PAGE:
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Effect of chemical, biological fungicides and resistance inducers for the management of blackberry wilt caused by Fusarium oxysporum

Angel Rebollar-Alviter: Univ Autonoma Chapingo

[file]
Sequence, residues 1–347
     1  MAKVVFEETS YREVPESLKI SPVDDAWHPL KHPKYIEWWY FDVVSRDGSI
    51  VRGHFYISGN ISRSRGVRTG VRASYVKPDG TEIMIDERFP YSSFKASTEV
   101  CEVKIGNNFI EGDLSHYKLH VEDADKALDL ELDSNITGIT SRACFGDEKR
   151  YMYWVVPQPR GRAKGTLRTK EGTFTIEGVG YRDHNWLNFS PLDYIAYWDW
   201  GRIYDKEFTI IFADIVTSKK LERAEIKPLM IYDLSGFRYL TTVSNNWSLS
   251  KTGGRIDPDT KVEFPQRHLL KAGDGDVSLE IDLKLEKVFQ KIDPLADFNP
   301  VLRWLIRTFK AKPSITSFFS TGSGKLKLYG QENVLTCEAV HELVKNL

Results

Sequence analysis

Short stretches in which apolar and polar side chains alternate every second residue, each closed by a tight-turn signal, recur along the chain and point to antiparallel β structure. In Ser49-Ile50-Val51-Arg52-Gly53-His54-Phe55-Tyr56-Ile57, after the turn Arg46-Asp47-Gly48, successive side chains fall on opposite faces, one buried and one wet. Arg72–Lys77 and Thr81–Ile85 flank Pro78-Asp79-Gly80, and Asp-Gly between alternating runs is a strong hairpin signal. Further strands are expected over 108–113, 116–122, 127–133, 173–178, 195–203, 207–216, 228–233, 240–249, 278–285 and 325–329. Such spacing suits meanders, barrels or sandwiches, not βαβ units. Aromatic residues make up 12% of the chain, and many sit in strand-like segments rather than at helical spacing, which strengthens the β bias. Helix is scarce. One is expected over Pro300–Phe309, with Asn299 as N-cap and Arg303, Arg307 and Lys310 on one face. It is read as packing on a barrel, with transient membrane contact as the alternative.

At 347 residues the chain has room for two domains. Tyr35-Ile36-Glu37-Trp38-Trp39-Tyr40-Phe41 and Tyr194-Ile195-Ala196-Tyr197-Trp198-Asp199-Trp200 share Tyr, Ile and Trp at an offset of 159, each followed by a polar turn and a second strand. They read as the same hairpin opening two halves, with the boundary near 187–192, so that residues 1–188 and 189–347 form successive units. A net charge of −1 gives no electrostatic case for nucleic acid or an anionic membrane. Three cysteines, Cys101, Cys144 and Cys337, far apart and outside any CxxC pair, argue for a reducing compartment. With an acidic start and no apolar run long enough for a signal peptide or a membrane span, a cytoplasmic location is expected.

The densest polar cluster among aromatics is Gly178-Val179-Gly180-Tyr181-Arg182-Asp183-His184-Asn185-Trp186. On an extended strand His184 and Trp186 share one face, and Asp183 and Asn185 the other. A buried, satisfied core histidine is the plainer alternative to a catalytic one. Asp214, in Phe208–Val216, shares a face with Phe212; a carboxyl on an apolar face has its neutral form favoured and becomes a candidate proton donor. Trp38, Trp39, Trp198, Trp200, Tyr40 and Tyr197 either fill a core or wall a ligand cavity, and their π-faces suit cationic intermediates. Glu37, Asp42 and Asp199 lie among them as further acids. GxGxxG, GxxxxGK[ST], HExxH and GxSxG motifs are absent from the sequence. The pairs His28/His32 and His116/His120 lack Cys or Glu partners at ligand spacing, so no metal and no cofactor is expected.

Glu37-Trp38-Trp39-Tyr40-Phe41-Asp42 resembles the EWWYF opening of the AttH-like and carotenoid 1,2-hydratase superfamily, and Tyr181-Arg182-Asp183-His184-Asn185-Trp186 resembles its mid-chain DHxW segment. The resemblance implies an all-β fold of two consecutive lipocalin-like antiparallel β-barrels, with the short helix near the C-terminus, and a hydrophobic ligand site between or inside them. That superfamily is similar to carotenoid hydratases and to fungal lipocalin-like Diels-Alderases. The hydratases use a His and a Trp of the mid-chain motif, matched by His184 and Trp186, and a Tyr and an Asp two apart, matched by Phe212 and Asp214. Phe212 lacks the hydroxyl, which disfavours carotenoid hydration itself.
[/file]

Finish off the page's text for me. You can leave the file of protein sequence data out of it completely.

<div>Blackberry wilt caused by <em>Fusarium oxysporum</em> is one of the most important diseases of blackberry in Mexico causing severe losses on established and new plantings. The objective of this study was to evaluate the effect of chemical and biological fungicides and resistance inducers for blackberry wilt management under greenhouse conditions. First, the efficacy of the fungicides prochloraz, thiabendazole, azoxystrobin, thiophanate-methyl, difenoconazole, triflumizole and potassium phosphite to control six pathogenic <em>F. oxysporum</em> isolates was conducted using an <em>in vitro </em>assay. This was followed by a greenhouse trial to test the same fungicides applied pre-inoculation on 5-month old potted plants. In a separate experiment, the effect of commercial biocontrol agents, including a strain of <em>Trichoderma koningiopsis</em> (RCH-169), and resistance inducers (potassium phosphite and acibenzolar-s-methyl) was quantified. Incidence, severity, fresh weight, dry weight, root length, plant height, and colony forming units (CFU g<sup>-1</sup> of soil) were obtained. Under <em>in vitro</em> conditions, Prochloraz showed the strongest inhibitory effect (EC<sub>50</sub>=0.01 μg mL<sup>-1</sup>), followed by triflumizole (EC<sub>50</sub>=0.05-0.32 μg mL<sup>-1</sup>) and difenoconazole (EC<sub>50</sub>=0.09-0.13). In greenhouse experiments, prochloraz and acibenzolar-S-methyl were most effective in reducing the incidence and severity of blackberry wilt. In the biological control trial, the native strain of <em>T. koningiopsis</em> resulted in the lowest incidence (33%) and severity (28.43%), compared with commercial products and the control, including higher fresh weight and lower number of CFU g<sup>-1</sup> soil. Together these results indicate some promising treatments for the control of blackberry wilt, which could be integrated into a full season approach to managing the disease in the field.</div>